Research Review Focuses On Potential Health Benefits Of Pears

Research Review Focuses On Potential Health Benefits Of Pears


  1. Review of studies attempts to outline health benefits of pears.
  2. Pears are excellent sources of fiber, sorbitol and potassium.
  3. USDA guidelines recommend eating more fruits.

Who doesn’t love to bite into the juicy, bright green pear? It’s as much a fruit to be eaten raw, as it’s a delight to cook with. Now new research review has systematically attempted to study the health benefits of pears, hinting that regular pear consumption might be healthier than we earlier thought, and might even aide weight loss, due to the presence of good amounts of dietary fiber. Joanne Slavin, Ph.D., R.D., professor of food science and nutrition at the University of Minnesota, St. Paul was assisted by food science graduate Holly Reiland, and the two conducted a review of the studies published between 1970 and the present.

The studies reviewed by the two scientists were archived in PubMed (database of the National Library of Medicine with citations and abstracts of biomedical literature) and Agricola (database of the National Agricultural Library with citations of agricultural literature). It was found that pears may be ideal for those wanting to lose weight, as they are excellent sources of dietary fiber and Vitamin C, for only 100 calories per serving. A medium-sized pear contains enough fiber to meet 24 percent of your daily needs. Moreover, pears are sodium-free, fat-free, and cholesterol-free, and they also contain good amounts of potassium.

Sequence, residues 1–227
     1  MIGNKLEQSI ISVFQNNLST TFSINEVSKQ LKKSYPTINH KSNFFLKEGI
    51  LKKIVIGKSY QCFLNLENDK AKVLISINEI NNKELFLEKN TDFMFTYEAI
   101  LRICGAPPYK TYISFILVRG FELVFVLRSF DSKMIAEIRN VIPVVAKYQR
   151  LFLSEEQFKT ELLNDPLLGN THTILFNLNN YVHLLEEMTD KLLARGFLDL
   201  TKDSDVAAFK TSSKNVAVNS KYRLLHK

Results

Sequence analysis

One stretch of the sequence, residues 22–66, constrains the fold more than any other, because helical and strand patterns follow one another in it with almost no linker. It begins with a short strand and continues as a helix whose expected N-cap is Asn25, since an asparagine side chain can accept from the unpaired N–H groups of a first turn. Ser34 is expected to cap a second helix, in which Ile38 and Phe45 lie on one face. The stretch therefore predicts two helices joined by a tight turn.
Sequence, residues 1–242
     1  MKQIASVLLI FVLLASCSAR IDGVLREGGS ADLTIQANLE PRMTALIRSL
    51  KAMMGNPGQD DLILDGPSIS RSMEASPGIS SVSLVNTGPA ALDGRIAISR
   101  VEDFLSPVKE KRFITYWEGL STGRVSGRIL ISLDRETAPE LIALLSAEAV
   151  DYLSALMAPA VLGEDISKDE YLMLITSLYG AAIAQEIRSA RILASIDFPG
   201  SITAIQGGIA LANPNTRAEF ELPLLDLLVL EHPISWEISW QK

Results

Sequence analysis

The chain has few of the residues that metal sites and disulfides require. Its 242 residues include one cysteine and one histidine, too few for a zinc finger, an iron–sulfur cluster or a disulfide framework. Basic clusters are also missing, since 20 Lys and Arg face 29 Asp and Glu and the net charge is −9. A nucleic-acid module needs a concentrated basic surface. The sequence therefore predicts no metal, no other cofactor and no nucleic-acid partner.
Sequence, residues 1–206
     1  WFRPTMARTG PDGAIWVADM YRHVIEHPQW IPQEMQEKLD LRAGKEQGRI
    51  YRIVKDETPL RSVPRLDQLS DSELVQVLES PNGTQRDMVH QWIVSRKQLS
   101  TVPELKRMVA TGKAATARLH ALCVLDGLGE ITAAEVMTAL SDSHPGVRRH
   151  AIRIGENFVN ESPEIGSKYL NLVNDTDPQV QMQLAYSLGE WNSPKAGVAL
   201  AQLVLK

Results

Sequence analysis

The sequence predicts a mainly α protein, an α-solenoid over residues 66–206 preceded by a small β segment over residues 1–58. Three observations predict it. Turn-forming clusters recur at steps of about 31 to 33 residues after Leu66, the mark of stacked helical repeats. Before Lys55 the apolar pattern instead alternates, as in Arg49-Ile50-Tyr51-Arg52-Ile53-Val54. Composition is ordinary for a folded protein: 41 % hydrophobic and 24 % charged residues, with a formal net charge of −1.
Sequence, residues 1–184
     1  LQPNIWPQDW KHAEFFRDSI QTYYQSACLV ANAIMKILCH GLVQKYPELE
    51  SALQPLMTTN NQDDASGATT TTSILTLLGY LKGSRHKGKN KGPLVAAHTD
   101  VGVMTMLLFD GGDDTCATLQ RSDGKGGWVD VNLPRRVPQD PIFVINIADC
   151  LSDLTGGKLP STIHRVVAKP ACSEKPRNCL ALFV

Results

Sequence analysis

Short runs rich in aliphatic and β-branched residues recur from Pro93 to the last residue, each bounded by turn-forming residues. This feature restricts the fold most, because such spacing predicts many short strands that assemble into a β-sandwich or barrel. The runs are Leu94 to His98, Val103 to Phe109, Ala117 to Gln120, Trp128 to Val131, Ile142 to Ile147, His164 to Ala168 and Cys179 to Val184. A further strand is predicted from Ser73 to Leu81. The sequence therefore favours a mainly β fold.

The review was conducted to fill in the lacunae regarding the health benefits of individual fruits, including pears. The USDA Dietary guidelines recommend eating more fruits as part of your daily diet, to offset the risks of chronic diseases, but there is little that is said in researches, regarding the health outcomes of consuming various fruits. In this new review, focusing on pears, it was found that pears contain fructose, sorbitol and dietary fiber. However, the researchers found that the body of work done on studying the relationship between pear consumption and health outcomes to be ‘sparse and diverse’.


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